January 26, 2020
Pastor Ricky Smith
Almost everybody likes a good story. Now, some of you may like to read your story in the form of a novel. Others of you might like to watch your story by binge watching a show on Netflix. Others of you maybe want the silver screen, the movie. But regardless, we like a story. We like to get lost in it, and we like to see the characters develop.
And sometimes, it may be difficult to pinpoint what the big idea is or who the central character is. Play along with me, if you will. Let me pick one of my favorite stories. Let’s jump into Star Wars. Who is the central character of Star Wars? Is it Darth Vader? I mean, you could assume that it’s Darth Vader. He is the quintessential villain, and we see his story in one of the movies. There’s this little boy who grows up, and he has this inner tension, and there’s the good versus evil. He wrestles and gives into the evil. And he becomes this guy. “I’m your father.” Is he the central character? I don’t know. Maybe.
Maybe it’s Luke Skywalker. I mean, they did use his last name in the feature of the end of the story. So maybe it’s really all about him. Maybe he is the central figure in the story, and it’s about this guy who people rally around, and he’s the leader of the army, and he’s got the courage to stand in front. Maybe it’s Luke.
Maybe it’s baby Yoda. I mean, there’s so much about him we don’t even know yet, like we don’t even know his name. But he’s cute, and so we’re going to buy plush toys of him, and we don’t even know where he fits in the story yet. But he’s got to be something significant because he can do things.
But in reality, regardless of what character you like, when you pan back and you see this whole story, it has nothing to do with any of those characters. It’s all about this idea of hope. Hope really is the central thread of the story of Star Wars, that no matter how bad it gets, there’s always hope. And people are going to rally around that idea. And it’s that is the central message of that whole storyline.
“Ricky, what in the world does that have to do with what we’re going to talk about?” Well, Acts 21 has nothing to do with Star Wars, but it has a lot to do with telling a story, and it has a lot to do with, specifically, telling a story in a way that doesn’t allow any one person to become the central figure in that story, but forces the attention to pan back on the big story in all of it.
You do realize when you look at Scripture as a whole, there is this great story of relationship, of restoration, and reconciliation between God and humanity. And there are different characters that come in and out of the story along the way, but none of them are what it’s about. And that really establishes this concept that even in our life, sometimes we want to make it about us, and we want to tell our story in a way that we are the star of the show. But my life is not about me. It’s about pointing to Jesus. That’s been that central idea. -that it’s all about Jesus, and all I have is Christ.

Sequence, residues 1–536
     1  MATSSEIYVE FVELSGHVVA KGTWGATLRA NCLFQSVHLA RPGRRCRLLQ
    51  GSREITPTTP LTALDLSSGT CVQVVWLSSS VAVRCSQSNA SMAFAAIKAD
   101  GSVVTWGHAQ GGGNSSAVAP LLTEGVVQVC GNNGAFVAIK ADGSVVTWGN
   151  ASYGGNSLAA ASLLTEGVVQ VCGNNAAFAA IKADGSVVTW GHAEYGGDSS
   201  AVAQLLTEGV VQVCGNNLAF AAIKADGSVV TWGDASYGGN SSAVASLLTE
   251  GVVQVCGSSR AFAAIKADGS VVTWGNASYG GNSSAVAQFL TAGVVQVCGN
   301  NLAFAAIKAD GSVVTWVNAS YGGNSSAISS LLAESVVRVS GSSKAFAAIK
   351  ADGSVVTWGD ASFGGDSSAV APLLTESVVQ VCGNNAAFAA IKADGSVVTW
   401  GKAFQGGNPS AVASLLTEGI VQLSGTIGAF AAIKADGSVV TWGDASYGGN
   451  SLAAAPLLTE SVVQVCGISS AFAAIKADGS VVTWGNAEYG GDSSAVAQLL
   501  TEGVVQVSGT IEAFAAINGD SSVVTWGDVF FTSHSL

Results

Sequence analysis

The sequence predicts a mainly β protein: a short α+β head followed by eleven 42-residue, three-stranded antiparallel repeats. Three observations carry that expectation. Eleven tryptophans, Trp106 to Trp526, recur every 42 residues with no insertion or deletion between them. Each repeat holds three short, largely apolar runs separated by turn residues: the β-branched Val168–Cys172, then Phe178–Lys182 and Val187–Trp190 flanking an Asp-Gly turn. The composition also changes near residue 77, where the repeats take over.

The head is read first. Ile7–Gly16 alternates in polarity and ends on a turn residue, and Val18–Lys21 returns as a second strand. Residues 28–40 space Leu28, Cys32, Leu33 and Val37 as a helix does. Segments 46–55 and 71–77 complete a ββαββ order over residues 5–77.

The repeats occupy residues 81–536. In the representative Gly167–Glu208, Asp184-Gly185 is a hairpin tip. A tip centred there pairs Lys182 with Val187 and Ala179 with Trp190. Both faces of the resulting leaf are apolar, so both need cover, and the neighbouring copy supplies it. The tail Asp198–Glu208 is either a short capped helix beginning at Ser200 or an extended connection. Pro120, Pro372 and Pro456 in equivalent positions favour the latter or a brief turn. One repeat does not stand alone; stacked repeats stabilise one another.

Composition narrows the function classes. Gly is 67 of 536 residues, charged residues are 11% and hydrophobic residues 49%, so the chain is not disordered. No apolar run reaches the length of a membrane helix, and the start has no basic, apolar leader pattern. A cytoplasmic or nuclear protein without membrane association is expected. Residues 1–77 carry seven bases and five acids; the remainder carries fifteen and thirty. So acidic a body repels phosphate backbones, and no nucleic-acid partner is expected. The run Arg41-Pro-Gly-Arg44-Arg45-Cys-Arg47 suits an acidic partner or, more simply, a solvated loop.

So we’re going to dive into the story of Paul today, and it’s going to feel like, imagine if we were watching a movie, and all of a sudden we had one of those flashback episodes where we went back in time and we retold the origin story right in the middle. That’s what we read today. So let’s dive into it to set the stage, because in every story, we need to understand the stage in which it’s being told. Let’s read chapter 21 verses 37-40.
37 As Paul was about to be brought into the barracks, he said to the tribune, “May I say something to you?” And he said, “Do you know Greek? 38 Are you not the Egyptian, then, who recently stirred up a revolt and led the four thousand men of the Assassins out into the wilderness?” 39 Paul replied, “I am a Jew, from Tarsus in Cilicia, a citizen of no obscure city. I beg you, permit me to speak to the people.” 40 And when he had given him permission, Paul, standing on the steps, motioned with his hand to the people. And when there was a great hush, he addressed them in the Hebrew language, saying:
Pause. Now, to understand where we are a little bit, you might want to go back and listen or watch the sermon from last week. Or, maybe in your own time, re-read the preceding verses, but what we understand is, Paul has been on this journey. He gets to Jerusalem. He interacts with James and the elders. They encourage him to, for the sake of keeping the peace and fellowship, to follow some of these traditional elements of purification.
So he goes through that process. He walks into the Temple. People are offended. They stir up stories because these Jews from Ephesus come in. It’s a big whole story. We’re jumping right into the middle of it, but what happened in the preceding verses because the mob got so irate, and they stirred so much dissension by spreading lies, Paul has been arrested. And now this tribune comes into the scene. We learn later that his name is Claudius, and we’re going to see over the next couple of weeks, he gets more and more engaged and more and more interaction with Paul.
And so here, setting the stage coming on the heels of this great mob, the tribune has just rescued Paul from the clutch of despair to pull him away for interrogation and for safety to keep the peace. Paul stops and says, “Hey, can I talk to everybody for a minute?” I mean, just imagine that. The world is in an uproar, and Paul is like, “Hey, can we just talk a little bit?” And he’s given permission. He gets all the attention of the people. This mob that has been screaming for his death now hushes and listens to what he has to say.
And in that moment, what does Paul do? He just tells his story. Let’s unpack it. If you’re taking notes, here’s the first thing we see in Paul’s story: It’s a moment, or a statement, of confession. Let’s read verses 1-5 and listen to Paul’s confession.